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The purpose of this paper is to introduce a novel direction of enquiry into predictions of employee turnover through the application of a qualitative method adapted from…
The purpose of this paper is to introduce a novel direction of enquiry into predictions of employee turnover through the application of a qualitative method adapted from marital research. This method focuses on diagnosing the relationship, and has been able to predict divorce with an accuracy of over 90 per cent, as opposed to existing turnover prediction methods’ modest success of about 30 per cent. By demonstrating that the method can be applied to turnover research, this study completes a seminal step in developing this promising direction of enquiry.
The Oral History Interview method for predicting divorce is adapted to employment settings, and tested on Australian legal and healthcare employees. A qualitative analysis of their responses maps the results from this inquiry onto separation-predicting processes identified in marital research. The results are compared to turnover data collected two years later.
Similar relational processes exist in marital and employment relationships when the marital relationship diagnostics method is applied to organisational settings, demonstrating the utility of this tool in the employment context. Preliminary turnover data indicate that some relational processes are significantly associated with employee turnover.
Future research should examine the predictive power of this tool on a larger sample, and apply it to a wider range of professions, tenure, and positions.
The results indicate that it is viable to diagnose an employment relationship using this diagnostics method developed in marital research.
The novel perspective offered in this paper has potential to greatly improve this employment relationship across jobs and organisations, thus improving organisational productivity and individual wellbeing.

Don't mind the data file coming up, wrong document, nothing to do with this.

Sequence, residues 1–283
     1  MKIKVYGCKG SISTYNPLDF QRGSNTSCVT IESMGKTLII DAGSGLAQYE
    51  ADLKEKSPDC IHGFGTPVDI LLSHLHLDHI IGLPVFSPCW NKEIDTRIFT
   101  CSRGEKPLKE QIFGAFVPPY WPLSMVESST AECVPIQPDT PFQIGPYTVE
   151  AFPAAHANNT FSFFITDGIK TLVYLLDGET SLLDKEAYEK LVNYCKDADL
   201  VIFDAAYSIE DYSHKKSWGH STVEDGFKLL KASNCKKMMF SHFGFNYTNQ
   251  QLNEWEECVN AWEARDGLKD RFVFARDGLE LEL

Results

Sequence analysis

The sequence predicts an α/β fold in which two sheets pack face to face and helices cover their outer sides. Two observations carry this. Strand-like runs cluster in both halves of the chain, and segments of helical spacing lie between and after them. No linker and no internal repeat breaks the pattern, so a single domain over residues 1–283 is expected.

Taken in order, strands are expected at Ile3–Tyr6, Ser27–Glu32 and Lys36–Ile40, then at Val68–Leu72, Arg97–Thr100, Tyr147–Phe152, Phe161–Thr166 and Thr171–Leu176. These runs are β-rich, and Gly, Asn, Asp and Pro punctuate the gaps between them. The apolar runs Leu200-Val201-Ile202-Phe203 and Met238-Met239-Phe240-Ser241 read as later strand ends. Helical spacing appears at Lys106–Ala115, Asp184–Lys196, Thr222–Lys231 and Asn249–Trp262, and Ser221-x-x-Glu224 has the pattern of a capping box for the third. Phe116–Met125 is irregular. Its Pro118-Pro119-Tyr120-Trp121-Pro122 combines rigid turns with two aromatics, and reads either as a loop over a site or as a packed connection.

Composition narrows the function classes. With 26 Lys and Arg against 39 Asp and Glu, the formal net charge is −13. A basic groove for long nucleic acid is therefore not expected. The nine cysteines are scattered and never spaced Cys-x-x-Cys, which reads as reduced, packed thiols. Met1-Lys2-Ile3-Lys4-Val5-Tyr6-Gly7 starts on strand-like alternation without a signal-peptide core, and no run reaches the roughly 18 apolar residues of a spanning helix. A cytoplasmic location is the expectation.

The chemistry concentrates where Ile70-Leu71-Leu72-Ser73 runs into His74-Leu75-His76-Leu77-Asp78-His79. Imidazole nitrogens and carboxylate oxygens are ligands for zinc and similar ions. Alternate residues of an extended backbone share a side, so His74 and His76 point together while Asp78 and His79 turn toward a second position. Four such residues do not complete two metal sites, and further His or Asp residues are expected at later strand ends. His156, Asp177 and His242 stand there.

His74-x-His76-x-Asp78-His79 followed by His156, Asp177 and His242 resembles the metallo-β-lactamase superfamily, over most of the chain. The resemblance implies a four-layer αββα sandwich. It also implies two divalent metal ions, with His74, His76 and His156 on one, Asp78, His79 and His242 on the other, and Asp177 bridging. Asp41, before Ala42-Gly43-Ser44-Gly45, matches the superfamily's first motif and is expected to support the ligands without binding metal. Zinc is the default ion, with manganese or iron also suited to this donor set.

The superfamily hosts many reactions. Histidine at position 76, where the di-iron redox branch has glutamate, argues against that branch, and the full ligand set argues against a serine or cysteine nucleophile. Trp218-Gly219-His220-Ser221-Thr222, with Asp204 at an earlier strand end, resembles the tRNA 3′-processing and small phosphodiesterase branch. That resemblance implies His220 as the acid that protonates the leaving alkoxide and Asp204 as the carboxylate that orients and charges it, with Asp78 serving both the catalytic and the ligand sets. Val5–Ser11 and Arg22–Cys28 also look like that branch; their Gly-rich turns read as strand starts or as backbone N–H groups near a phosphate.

Researchers of employee turnover and practitioners seeking to understand and manage it can benefit from this novel and practical perspective on employment.
The purpose of this paper is to propose a new conception of the “good teacher” – that of the teacher-as-mentor, or, as the author refer to it, the “mentoring teacher,” who…
The purpose of this paper is to propose a new conception of the “good teacher” – that of the teacher-as-mentor, or, as the author refer to it, the “mentoring teacher,” who is equipped with heutagogical skills aimed at promoting self-determined learning through dialogic teaching. This conception appears to be better suited than current conceptions for the twenty-first century and the postmodern era.
The conception is based on an interpretative textual analysis of western educational philosophies and of the nature of postmodernity.
The mentoring teacher, presented to be the “good teacher” for the new era, is provided with skills associated with heutagogy: a pedagogical approach that emphasizes the individual’s need to learn autonomously and independently and that regards the capacity to do so as a basic skill for living and lifelong learning in the changing world. Using dialogic teaching, mentoring teachers equipped with heutagogical skills can navigate their teaching to promote the self-learning abilities of different learners and better prepare them to navigate the challenges of the current era.
This paper presents one perspective on looking at the changes that have occurred in the conception of the good teacher in western society and offers one point of view of the image of the new good teacher, hoping it might stimulate new thinking on the need to reconsider the role of the teacher in contemporary western society.
Placing the focus on teachers’ skills as opposed to students’ needs, which is much more common, invites discussion regarding the image of the good teacher and teacher education.